(Left to Right) Mark Shanahan as John Cristow and Laura E. Campbell as Veronica Craye in the Alley Theatre’s production of Agatha Christie’s The Hollow.

Image: Jann Whaley

Agatha Christie's The Hollow
July 7–Aug 4
Tue–Thu at 7:30; Fri at 8; Sat at 2:30 & 8; Sun at 2:30 & 7:30
$25–65
Alley Theatre
615 Texas Ave.
713-220-5700
alleytheatre.org 

Mark Shanahan is a New York–based actor and director with a long association with the Alley Theatre. He plays John Christow in Agatha Christie’s The Hollow, which opened this week as part of the theater’s long-running ExxonMobil Summer Chills series. 

Houstonia: You co-directed Sherlock Holmes and the Adventure of the Suicide Club, which just concluded its run at the Alley. What are the differences in how you have to approach a Sherlock Holmes mystery versus an Agatha Christie mystery?

Mark Shanahan: With Agatha Christie, I enjoy the plays even more than the books, and in this one Christie gives us such great characters. Holmes is always the most interesting character in a Sherlock Holmes play. In Christie’s fantastic script for The Hollow I think you have a whole host of excellent characters—a lot of really interesting, different people with different backgrounds who arrive at this country house for the weekend. You just know that no good is on the way.

H: Talk a bit about your character. When he shows up he seems just about as unpleasant as anybody could be.

MS: I love it—it gives me carte blanche to be a heel, a good, old-fashioned English cad. He’s a pompous doctor who is suffering in an unhappy marriage. But he’s also having an affair with a woman who’s at the house for the weekend. And then he finds out that his old girlfriend, who’s now a Hollywood movie star, is living just down the lane at a cottage nearby. So he’s got three women he’s juggling. It’s fun to play a guy who thinks he can have his way no matter what. I know the audience kind of bristles, but I try to show that he really isn’t such a terrible guy underneath.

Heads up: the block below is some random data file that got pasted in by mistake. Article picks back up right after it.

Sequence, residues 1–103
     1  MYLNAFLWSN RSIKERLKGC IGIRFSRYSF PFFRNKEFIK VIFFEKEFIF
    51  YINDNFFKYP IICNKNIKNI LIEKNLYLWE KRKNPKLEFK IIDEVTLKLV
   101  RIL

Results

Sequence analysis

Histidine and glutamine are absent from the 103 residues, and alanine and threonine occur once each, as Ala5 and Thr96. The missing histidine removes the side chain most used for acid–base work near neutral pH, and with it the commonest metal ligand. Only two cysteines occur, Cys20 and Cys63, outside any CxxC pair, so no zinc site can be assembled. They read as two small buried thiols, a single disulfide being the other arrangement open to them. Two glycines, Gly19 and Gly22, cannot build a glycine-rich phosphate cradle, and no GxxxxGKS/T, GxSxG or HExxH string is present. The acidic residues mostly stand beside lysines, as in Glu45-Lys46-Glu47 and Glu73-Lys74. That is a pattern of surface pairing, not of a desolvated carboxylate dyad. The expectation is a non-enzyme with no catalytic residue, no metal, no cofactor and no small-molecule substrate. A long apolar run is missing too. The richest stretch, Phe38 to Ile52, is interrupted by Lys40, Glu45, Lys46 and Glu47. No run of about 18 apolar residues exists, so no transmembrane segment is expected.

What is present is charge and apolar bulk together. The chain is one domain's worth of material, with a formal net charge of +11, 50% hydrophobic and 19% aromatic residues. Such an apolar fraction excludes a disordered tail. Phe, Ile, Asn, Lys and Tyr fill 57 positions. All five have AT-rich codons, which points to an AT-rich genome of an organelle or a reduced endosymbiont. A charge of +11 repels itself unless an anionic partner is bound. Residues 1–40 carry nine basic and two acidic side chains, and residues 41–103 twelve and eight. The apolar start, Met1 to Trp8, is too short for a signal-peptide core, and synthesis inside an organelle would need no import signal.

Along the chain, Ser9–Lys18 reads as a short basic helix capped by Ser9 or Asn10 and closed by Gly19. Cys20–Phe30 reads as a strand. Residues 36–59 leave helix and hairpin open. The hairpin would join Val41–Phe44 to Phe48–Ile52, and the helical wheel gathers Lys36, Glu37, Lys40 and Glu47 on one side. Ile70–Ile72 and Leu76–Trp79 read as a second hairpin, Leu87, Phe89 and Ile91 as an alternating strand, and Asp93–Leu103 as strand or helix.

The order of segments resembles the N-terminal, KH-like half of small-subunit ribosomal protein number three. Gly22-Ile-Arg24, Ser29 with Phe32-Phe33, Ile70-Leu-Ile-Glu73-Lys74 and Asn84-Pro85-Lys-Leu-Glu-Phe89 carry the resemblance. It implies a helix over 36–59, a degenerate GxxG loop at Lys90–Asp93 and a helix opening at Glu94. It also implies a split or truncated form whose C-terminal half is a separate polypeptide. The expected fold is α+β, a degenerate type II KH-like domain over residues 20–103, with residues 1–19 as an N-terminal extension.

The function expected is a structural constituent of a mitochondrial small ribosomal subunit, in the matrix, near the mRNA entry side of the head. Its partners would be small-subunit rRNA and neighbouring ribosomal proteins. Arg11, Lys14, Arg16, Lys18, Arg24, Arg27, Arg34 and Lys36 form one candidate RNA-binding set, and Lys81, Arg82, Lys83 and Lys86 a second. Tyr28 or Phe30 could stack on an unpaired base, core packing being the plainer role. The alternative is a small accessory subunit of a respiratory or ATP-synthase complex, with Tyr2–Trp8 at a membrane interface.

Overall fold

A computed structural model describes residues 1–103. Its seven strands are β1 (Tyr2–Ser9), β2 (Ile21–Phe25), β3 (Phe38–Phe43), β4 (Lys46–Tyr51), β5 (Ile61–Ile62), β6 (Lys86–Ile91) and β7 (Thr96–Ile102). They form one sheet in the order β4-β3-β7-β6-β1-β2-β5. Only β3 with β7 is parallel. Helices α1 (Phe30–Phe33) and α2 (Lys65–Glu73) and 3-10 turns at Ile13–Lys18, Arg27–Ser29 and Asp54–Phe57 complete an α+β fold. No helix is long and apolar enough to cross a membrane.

H: I assume you’ve played English characters before, because your accent in the play sounded spot-on to my ear.

MS: I’ve done a number of plays set in England at the Alley—Journey’s End, Witness for the Prosecution, Tryst, Treasure Island—and I’ve also been in The 39 Steps on Broadway and then directed it here at the Alley. I’ve also had the opportunity to work with some great dialect coaches. The Alley has brought in some of the best there are in New York, and also in Houston, to work with us. Then, I watch a lot of Downton Abbey and study the different accents. I think one of the joys of being an actor is wearing the clothes, and wearing the accent, and walking on stage to become someone else.

H: You’re based in New York—what keeps you coming back to the Alley?

MS: One of the joys of doing plays here is that the resident company is like a family. Elizabeth Bunch, one of the actresses here, said that I’m their kissing cousin; I get to come back every once and a while and join back into the family reunion. I love these people—I love working with them, I love the way they challenge each other, and I’m so proud to feel like an extended member of their family. Also, the audience in Houston loves the Alley. You know you better step up, because they are demanding; if it’s not good they’ll tell you in the hallway or the elevator.

H: What kind of feedback have you gotten about The Hollow? 

MS:I think every wife in the audience hates me. I got in the elevator the other night after the show wearing a baseball cap, but a woman recognized me and said, “How could you treat your wife like that?” And she walked out of the elevator. She was pretty angry with me. I took it as a great compliment—it means she was that invested in our story and our play. It’s fun to get a strong reaction. By curtain call, I just hope all is forgiven.

 

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